22 April 2011

Well done Dawn and Ray!

Dawn and Ray's London Marathon stories

Ray's 2011 Marathon Perspective

In order to get off some grass at the end of the race after having completed my free London Pride Beer, I had to crawl to a fence on hands and knees with the aim of using it as support, even then a big chap had to lift me up to my feet.

I think it is fair to say the London marathon is the toughest race I have ever ran, the Howarth Hobble for instance is more of a Sunday afternoon jolly. The Marathon is all about speed and running all the time, any walking or toilet stops and time just fritters away as if you were a time traveller. The London air is generally a few degrees hotter than lakeland and when combined with hot black tarmac I can confirm the desire to stop and walk can become quite intense. For the ordinary Joe, the ability to withstand unrelenting misery makes up 50% of the requirements needed to complete the marathon.

Off to breakfast at 5:45am, where an hour was spent eating loads of Muesli, yogurt and topping it off with sausage, bacon and egg plus some extra salt. Then the one mile walk to the tube station feeling quite sick. The walk from Greenwich tube station to my starting zone was about a further 1.5 miles. So unlike other races we had done over 3 miles before the start. An old wax jacket proved useful as a store for two tubes of extra strong mints and water which was disposed at the start of the race.

The runners are grouped in zones and shortly before the start they are marched up to the start. Its an impressive sight with a long wide avenue stretching into the distance. Indeed it is quite elating, the pre-race faff was over and I could feel the first shiver of anticipation. I had decided for this long range race to imagine I was a twin engined Mosquito overloaded with fuel ready for a long mission and this avenue felt like a runway, the engines were starting. A few pre race nervous laughs about lemons and we were off. Richard Branson started us off and on passing him I had the distinct impression that his head was big, a bit like an over sized spitting image puppet. Hey ho off we go. It was difficult to gain much speed early on. Mike McKenna said he expected a sub 3 hours out of me, so I thought I should at least try and get my average speed up to the required 14Km/Hr. I almost got there though the heat started to take its toll. About a minute was lost with a toilet stop at 17Km or so, I was overheating quite badly. The showers on route were mist style and not the bucket of icy lakeland water that I desired, still they were welcome. Speed was dropping off irritatingly before the half way mark, it was time to hang on in and search out any shade even if if that was the row of supporters at the side. Some St.John ambulance people were holding out gel like substance which I thought was some sort of salty lick, so I grabbed some and put it in my mouth only to find it was Vaseline. By now people were starting to walk and stretch out. They would become time travellers. There was a strong desire to do the same. The legs were on the verge of cramping so a sort of defeatist shuffle took over which lasted to the end. There is one section of the race where you can see runners going the other way, I was surprised to see big Dave Deason leaning over the fence shouting come on Ray. His head looked big just like Richards. Into the last 10Km runners in front would suddenly start veering off to the side out of control or be stood at the side with a brainless smile, pointing into the distance. The support was incredible with more and more "Come on Dallam" shouts. 4 Km from the end, lets try and push that speed up and not be a time traveller. Round into Bird Cage Walk, up to the Palace and into the final 385 yards to the finish. I could stop and sort of walk, what a relief, though walking was not easy. What was needed was beer, two can of which were in my marathon bag stored in the trucks. A little while later after spending several minutes working out how I was going to sit on the grass, falling down seemed to work best, the first can was opened and soon all was right with the world once more. 3hr 21min 28sec.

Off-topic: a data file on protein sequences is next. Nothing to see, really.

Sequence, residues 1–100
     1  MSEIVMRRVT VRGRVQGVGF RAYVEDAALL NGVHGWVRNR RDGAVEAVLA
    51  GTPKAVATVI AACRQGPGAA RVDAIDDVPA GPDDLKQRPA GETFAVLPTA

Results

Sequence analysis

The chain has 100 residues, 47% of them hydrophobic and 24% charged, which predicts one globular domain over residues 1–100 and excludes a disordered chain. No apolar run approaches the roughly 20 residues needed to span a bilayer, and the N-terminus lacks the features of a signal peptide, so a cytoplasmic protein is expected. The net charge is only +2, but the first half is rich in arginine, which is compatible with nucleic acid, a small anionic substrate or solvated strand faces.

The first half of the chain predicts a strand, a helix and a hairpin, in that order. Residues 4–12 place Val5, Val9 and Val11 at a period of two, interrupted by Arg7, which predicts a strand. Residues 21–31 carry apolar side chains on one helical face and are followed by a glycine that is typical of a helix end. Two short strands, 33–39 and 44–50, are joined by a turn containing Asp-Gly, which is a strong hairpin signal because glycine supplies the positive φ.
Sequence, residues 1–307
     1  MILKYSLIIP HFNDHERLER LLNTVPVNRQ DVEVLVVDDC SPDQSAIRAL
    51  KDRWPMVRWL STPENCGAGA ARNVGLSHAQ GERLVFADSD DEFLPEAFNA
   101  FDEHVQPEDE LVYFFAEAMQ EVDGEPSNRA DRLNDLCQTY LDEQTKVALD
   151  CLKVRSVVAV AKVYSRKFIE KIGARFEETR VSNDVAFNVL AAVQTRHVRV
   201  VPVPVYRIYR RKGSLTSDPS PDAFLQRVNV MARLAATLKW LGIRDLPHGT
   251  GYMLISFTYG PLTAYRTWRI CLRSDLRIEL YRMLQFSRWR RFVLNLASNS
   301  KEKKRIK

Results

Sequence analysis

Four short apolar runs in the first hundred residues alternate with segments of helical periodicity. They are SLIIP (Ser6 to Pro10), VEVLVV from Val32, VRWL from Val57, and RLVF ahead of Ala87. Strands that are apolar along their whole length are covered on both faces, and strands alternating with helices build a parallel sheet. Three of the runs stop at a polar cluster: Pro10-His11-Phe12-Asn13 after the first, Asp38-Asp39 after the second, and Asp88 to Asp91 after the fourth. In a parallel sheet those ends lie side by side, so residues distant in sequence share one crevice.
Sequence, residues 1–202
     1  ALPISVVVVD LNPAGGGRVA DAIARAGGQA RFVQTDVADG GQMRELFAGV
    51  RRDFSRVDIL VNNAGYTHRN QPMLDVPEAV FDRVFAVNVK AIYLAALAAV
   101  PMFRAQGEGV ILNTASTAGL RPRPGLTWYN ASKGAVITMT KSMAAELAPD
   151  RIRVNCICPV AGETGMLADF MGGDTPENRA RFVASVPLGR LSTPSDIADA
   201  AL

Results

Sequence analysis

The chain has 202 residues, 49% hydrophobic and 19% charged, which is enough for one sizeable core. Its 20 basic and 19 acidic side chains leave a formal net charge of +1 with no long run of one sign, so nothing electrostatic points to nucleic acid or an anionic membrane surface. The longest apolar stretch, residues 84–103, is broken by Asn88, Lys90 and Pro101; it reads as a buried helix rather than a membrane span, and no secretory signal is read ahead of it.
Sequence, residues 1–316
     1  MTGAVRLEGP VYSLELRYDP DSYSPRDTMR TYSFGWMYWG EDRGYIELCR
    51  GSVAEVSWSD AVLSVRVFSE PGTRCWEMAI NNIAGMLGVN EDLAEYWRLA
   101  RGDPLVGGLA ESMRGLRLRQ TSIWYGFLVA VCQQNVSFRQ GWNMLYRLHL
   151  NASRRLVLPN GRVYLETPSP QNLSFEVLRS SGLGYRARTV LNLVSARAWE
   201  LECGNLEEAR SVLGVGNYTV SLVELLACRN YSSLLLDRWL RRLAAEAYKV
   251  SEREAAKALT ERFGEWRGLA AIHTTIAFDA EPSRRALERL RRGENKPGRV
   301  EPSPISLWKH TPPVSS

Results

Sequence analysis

Rays top tip: take a big coat and a wide necked bottle for a pre race pee 7 minutes before the start.

Dawn's Report

The London marathon is a must for every runner. I must admit I was apprehensive having not done any training since February. Those long runs were non existent in my training program. Having successfully entered, I wanted to do it and I did it. Much the same as Ray's report, it was extremely hot and all those workings out of "I'm going to do my half in this", you know you sort of keep to a plan, but as the pounding of the legs takes its toll you begin to realise "oh heck it's a long way, am I going to manage this". But saying this the support of the crowd was phenomenal and really gave you the incentive to keep going. It was a brilliant experience, one which I would not have missed. The last mile was flooded by a feeling of "Oh I've done it". I did have a cry when I finished, though through exhaustion, exhilaration and achievement. 4hr 40min 16sec